A Mila project is at the heart of discussions on the choice of a COVID-19 monitoring application. For the past few weeks, this has raised many debates about the pros and cons of different approaches, as well as the best ways to protect citizens’ data and privacy in these times of crisis.
Opinions on the governance and accountability framework are divided. Some believe that the state should be the only one to manage this data. Others (like us) believe that it is better to give priority to the creation of independent organizations. Unanimously, we agree on the fundamental importance of protecting this data so that it is not used for commercial purposes and does not serve the interests of private companies.
Mila launched the development of this application at the invitation of the federal government, which has funded several research projects to quickly explore concrete solutions to the urgent problems arising from COVID-19. We wanted to contribute, through our scientific knowledge, to the creation of new tools, in collaboration with the public health authorities responsible for managing this crisis on a daily basis.
Either way, the decision is up to the government. And no matter what he chooses, there is no doubt that he will indicate the tags that will frame the deployment of such an application.
The COVI project was proposed with the creation of an independent body, the management of which would be entrusted to actors of civil society and to academic experts who embody the rigor and the sense of protecting the rights and freedoms of the public. Governance ensures that data could never be shared with a private organization – let alone used for commercial purposes – and that it would all be destroyed after the pandemic. It is in this perspective that Louise Arbor and Louise Otis joined the project, respectively as honorary president of COVI Canada and president of its board of directors, with the mandate to complete the management team and structure. data, if the government decides to deploy the COVI application.
That we disagree with our vision and that we want to debate it, all right. Better still, as researchers, we believe that these questions are necessary to express legitimate concerns and so that the concerns of citizens can be taken into account.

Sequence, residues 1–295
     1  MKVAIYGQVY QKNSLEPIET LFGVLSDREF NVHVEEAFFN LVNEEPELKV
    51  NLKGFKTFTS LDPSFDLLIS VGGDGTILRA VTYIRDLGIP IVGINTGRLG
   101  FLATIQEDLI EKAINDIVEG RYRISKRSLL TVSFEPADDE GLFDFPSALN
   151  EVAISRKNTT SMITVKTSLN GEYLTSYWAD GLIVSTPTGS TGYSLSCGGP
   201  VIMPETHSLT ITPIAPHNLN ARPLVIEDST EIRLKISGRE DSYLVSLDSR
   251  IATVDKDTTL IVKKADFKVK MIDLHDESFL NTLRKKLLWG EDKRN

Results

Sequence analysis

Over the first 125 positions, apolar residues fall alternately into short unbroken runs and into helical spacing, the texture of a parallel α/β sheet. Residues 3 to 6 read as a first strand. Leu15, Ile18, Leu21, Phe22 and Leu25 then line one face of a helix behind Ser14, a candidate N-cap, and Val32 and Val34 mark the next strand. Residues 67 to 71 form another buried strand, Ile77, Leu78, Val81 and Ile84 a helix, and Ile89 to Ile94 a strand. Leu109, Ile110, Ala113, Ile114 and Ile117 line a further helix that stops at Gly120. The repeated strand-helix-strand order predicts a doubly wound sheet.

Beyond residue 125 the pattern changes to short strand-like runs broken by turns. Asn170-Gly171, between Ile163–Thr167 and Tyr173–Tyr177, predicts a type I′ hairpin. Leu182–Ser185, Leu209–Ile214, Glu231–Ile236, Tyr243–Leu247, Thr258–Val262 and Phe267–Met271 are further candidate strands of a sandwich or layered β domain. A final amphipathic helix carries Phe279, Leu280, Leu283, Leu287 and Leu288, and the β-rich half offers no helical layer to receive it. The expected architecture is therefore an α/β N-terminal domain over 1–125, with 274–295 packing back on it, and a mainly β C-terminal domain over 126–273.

But we are amazed at the tone and the hints slipped into Fabien Deglise’s texts on this subject. Speaking of an “opaque structure”, presenting factual errors in the content of the application (which will have no access “to the medical file” or to the “geolocation” data of users) or by suggesting that we would try to “sell” this information and that the “private sector could benefit”, it does not look at the facts at all; he questions the intentions and probity of Mila and her researchers. It is all the more surprising that it is not in the habits of the Duty to intentional trials instead of focusing on the substantive issues.
As far as we are concerned, Mila researchers will pursue their multiple projects and their reflections, hoping that the exchanges will be constructive and that they will contribute to fostering a culture of innovation, science and interdisciplinarity, by integrating all data protection and privacy settings.
It seems to me opportunistic to reduce to simple “innuendo” criticisms however strong, documented and informed carried on the public place and in the pages of the Duty by a large panel of experts, from academia and elsewhere, for several weeks facing the COVI application from Mila. The negative analyzes that are currently circulating on this behind-the-scenes tracking application of governments do not fall under the intent process either, but rather raise fundamental questions and legitimate concerns about a technological and legal framework whose questionable nature certainly should not not be overshadowed by the urgency of the current pandemic situation. This is particularly true given the very low effectiveness of these monitoring tools around the world.